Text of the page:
First, people created a new niche called the village. Then some curious wolves came to the niche and gained access to a new food source. These wolves adapted to this new convenient niche are “genetically” predisposed to show less “flight” distance than those of their wild peers and become tameable. A Russian geneticist named Dmitri Belyaev’s long term experiment with the Russian Silver Foxes corroborates this domestication process: after 18 generations (36 years on our evolutionary clock), the foxes became naturally tamed and remarkably resembled dogs in appearance and temperament.


Characteristics of  juvenile features of wolf pups courtesy of evolution-slideshow.net

Moreover, Coppinger ardently disagrees to the wolf-turned-dog theory. Rather, dogs descended from a “wolf-like” species that became extinct is their paramount contention to the widely accepted opinion. In addition, dogs possess characteristics of neoteny by retaining wolfish juvenile shapes and features, such as round and short facial shape with floppy ears, and care-soliciting behaviors into adulthood. That is, by keeping the cute and lovable appearance of wolf puppies into adulthood, the behavioral developments of dogs still remain in perpetual juvenile stage, which makes themselves well adapted to the human inhibition and thus able to survive in their niches for their safe existence.


A Little heartbeat at my feet courtesy of naver.com

Dogs are one of the fewest animals who share our lives and require our tender attention and care for the reasons concerning the above and most of all, the feelings we get when we see the eyes of dogs that are so soulful and insightful. We need to take a close look at our canine fellow creatures in their true form based upon their biological needs and behavioral tendencies, to love them as they are, and treat them as a wonderful creature of nature that has been with us for so many years in our human history.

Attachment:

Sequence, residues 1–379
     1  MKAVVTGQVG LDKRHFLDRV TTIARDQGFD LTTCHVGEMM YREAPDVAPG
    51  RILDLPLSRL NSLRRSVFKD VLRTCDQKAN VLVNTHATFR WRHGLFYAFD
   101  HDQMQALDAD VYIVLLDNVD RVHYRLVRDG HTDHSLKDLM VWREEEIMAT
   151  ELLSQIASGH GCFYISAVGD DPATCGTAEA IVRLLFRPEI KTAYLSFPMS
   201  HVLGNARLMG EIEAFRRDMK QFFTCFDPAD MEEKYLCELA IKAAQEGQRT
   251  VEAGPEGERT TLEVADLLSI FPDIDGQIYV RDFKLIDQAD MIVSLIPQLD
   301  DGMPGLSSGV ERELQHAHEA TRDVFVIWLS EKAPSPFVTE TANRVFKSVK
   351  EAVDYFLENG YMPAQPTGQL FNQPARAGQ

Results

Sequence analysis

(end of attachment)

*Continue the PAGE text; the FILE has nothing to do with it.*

Don’t forget the little heartbeat when a dog is at our feet. Never forget that they are only dogs.

Episode II of the Sylvanians: Before the Weekend

Click here for Thursday evening

24879320_502678990099370_2033890894_oThis is an episode 2 of the Sylvanian Series I have written. Although the story might be deemed intent upon children because of the characters being anthromopoistic, it is actually intended for all ages, including the young at heart.

The theme of the story goes thus: It’s a Thursday evening, when the the residents of Avonlea enjoy their mealtime after a hard day’s work. In fact, Thursdays are much pleasant than Fridays because the impending weekends are all the more enlivened by plans of cherished weekend activities as they deem enjoyable and rewarding on their own accord.